An Israeli couple, trained in the U.S., play 'strictly kosher gospel,' minus religious references.
As Sly and the Family Stone famously sang, it’s a family affair.
Iris and Ofer Portugaly are a married couple, jazz musicians and teachers at Israel’s famous Rimon School of the Arts, leaders of their own combo and a spirited and exciting gospel jazz choir.
Cantor Rebecca Garfein of Congregation Rodeph Sholom was looking for a musical group that would tie together Jewish and African-American influences to perform at the synagogue’s annual observance of the birthday of Dr. Martin Luther King Jr.
She remembered a Tel Aviv wedding she had attended in 1989 in which the bride and groom played with the wedding band. Garfein has vivid memories of the bride sitting behind the drum kit in her gown, driving the beat. That would be Iris Portugaly; the pianist-groom was Ofer. Why was Garfein at the wedding? Because Iris is her cousin and friend.
The Portugalys, their band and choir are performing at Rodeph Sholom Jan. 18 as part of Shabbat services.
“This was a wonderful opportunity,” Garfein exclaimed. “Iris and Ofer were planning a visit to U.S. with their gospel choir, we’ve talked for years about having them come to the synagogue and we were able to work out their coming for this weekend.”
Although the couple received their musical training at the Berklee School of Music in Boston, they decided to return to Israel shortly afterwards to pass along the jazz knowledge they had acquired in the States.
“It was important that we come home to Israel 21 years ago,” Iris says. “We wanted to make a connection between jazz and Israeli culture. We always combined things that had Israeli roots with American jazz. We arranged Israeli songs and it felt very natural.”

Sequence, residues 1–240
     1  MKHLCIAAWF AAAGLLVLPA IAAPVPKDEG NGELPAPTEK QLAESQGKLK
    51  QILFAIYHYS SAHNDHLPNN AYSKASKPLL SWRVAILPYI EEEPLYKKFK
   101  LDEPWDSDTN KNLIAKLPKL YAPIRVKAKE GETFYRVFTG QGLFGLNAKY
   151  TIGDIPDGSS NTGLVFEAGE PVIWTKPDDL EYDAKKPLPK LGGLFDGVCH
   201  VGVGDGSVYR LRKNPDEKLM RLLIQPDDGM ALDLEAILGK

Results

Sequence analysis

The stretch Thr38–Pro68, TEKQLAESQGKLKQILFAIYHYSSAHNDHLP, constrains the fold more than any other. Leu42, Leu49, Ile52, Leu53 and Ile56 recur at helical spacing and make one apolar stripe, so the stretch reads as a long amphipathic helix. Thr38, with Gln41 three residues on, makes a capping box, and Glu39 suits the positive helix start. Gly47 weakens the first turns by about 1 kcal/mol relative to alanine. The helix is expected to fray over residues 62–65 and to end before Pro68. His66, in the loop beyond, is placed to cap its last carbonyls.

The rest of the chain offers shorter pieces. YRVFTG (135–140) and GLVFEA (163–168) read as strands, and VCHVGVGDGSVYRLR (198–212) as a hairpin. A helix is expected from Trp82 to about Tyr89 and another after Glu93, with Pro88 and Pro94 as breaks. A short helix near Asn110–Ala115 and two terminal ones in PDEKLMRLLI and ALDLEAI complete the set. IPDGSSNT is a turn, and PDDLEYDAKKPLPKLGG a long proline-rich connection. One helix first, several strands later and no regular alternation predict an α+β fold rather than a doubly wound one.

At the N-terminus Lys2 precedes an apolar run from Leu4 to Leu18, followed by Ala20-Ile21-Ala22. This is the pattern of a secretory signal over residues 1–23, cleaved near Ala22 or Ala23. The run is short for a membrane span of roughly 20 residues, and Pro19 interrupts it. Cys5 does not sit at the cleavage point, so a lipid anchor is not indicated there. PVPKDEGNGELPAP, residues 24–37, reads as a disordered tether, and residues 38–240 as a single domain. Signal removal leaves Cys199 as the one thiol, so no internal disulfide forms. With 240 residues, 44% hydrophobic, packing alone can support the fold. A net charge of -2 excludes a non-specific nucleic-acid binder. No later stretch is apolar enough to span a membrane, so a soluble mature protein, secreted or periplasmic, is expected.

A dozen years ago, while on tour in Nigeria, the duo hear a local choir performing gospel material and it registered strongly.
“I decided to start a gospel choir at Rimon School,” where she is head of the voice department, Iris recalls. “The head of the school liked the idea very much, it solved the problem of finding a place for so many singers.”
At first the project was just another performance class at the school, but within two years, the Portugalys had a professional-quality choir mixing jazz and gospel with great elan. More recently, Ofer, who is a pianist-arranger-composer, starting doing settings of piyutim (liturgical poems) for the group, which is in keeping with the rather non-Christian nature of the band.
“Oh, we’re doing strictly kosher gospel,” Ofer says with a laugh. “When we decided to perform Edwin Hawkins’ ‘Oh Happy Day, we had an Israeli lyricist rewrite it in Hebrew and dropped the references to Jesus.”
Iris adds, “We don’t say the word ‘Jesus.’ Americans find it very funny, gospel with no Jesus.”
Ofer continues, “American gospel is amazing. We don’t relate to it [as] religion but the music has so many nice things about it — optimism, giving hope to people, good vibes.”
“It makes you happy,” Iris says.
“It moves you,” Ofer replies.
It has been over a decade since the pair were in New York City and they are understandably eager to play here again.
“We’re very excited about it,” Iris says. “It’s new for us also. We have no idea — we’re doing the best we can to make the music as good as we know. That’s what we always do, try to be there with the spirit.”
And keep it in the (extended) family.
Iris and Ofer Portugaly and their Gospel Jazz choir will be performing Friday, Jan. 18 at Congregation Rodeph Sholom (7 W. 83rd St.) as part of the Shabbat service, which begins at 6 p.m. Guests will include soprano Diana Solomon-Glover, soloist at Riverside Church and VOCÉ (Voices of Christ Ensemble), a gospel choir who also frequently appear at Riverside, as well as Cantor Garfein.
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